BMX Bike Basics

Part 1 - The Two Types

12/27/20222 min read

The BMX bike comes in two basic flavors: freestyle and race. The freestyle (aka park) bike is made for the doing tricks and hard riding at the skatepark or on the streets. It’s an all-around bike. The race bike is made for speed and handling to swiftly get around the racetrack. It’s specialized. Both are single speed and geared for acceleration. Want more speed? Pedal faster. There is no next gear. Freestyle bikes use steel and heavy-duty components and in general aren’t as concerned with each gram of weight. Race bikes use aluminum, or carbon fiber, and lightweight is of great concern. Today they also use different geometries. Geometry for bikes is angles and lengths of the tube pieces that make up the frame. These angles determine the qualities of a bike. Let’s keep it simple for now.

Back in the 70’s, 80’s, and early 90’s the geometry of BMX bikes was pretty much the same. Back then the high-end race bikes were aluminum, the majority of everything else was chromoly (cro-mo) and the lowest end BMX style bike was made of whatever steel was laying around. They all looked the same. More or less, they rode the same way too. As the 90’s dawned the mountain bike took over in popularity and BMX began to wane. BMX didn’t die though. Instead, BMX began evolving into what we know today as freestyle riding focusing on challenging technical tricks and racing with the need to be faster and more maneuverable on the modern racetrack. In other words, jumping milk crates and chasing one another on rough dirt tracks began to give way to X-Games style stunts and purposefully designed racetracks. This led to changes in BMX bike design to maximize performance for the respective discipline.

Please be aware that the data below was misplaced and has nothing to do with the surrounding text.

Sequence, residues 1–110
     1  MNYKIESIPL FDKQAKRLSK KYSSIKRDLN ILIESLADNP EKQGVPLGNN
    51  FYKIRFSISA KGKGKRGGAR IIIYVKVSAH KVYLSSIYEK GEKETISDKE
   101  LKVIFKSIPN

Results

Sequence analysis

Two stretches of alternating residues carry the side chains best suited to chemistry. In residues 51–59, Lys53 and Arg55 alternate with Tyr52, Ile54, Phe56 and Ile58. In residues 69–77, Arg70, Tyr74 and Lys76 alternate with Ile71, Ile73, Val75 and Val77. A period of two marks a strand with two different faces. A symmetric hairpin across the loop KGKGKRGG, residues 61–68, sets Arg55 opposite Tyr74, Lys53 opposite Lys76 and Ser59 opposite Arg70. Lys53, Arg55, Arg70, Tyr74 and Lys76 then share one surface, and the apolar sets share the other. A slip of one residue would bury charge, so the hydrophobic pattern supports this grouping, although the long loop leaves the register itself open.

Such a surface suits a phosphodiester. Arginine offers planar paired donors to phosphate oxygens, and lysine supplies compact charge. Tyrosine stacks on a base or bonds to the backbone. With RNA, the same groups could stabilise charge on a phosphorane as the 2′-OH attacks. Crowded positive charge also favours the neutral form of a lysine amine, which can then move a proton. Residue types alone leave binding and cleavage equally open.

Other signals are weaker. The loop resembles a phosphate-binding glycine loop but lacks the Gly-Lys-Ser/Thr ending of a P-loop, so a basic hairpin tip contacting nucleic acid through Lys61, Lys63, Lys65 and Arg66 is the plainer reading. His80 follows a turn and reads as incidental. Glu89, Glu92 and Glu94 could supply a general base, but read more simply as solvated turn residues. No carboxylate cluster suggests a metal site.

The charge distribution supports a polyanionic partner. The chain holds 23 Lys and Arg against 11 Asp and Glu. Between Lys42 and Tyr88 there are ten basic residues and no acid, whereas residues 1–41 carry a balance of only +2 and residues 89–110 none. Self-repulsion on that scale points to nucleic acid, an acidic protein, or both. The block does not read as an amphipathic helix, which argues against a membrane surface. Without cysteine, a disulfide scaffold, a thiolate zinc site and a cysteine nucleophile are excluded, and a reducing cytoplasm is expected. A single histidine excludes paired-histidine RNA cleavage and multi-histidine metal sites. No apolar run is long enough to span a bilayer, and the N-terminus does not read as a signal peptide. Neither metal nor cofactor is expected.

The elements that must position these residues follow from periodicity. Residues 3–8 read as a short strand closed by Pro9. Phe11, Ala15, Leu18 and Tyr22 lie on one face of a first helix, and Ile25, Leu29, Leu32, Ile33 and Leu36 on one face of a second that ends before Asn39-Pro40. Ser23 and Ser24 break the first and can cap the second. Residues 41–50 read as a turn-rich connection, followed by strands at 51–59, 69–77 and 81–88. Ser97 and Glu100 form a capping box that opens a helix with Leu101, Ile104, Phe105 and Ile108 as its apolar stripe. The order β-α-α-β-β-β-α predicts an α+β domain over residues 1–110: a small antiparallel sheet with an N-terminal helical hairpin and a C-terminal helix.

Note that many of the BMX-style bikes for rollback prices are not meant for racing or serious tricks. The department store bike is great for sidewalks and getting around a campground or neighborhood. Or riding off a pier into the lake. And finally the department store bike becomes scrap metal since the repair cost always exceeds the purchase price of a new one. If you or your kids plan to start racing or freestyling as a sport don’t rush out to buy a bike. Watch YouTube. Consult with the parents and riders at the track or skatepark. Send Beck Bros a message for advice. But whatever bike you get, make sure to ride it. That is what builds skill and confidence.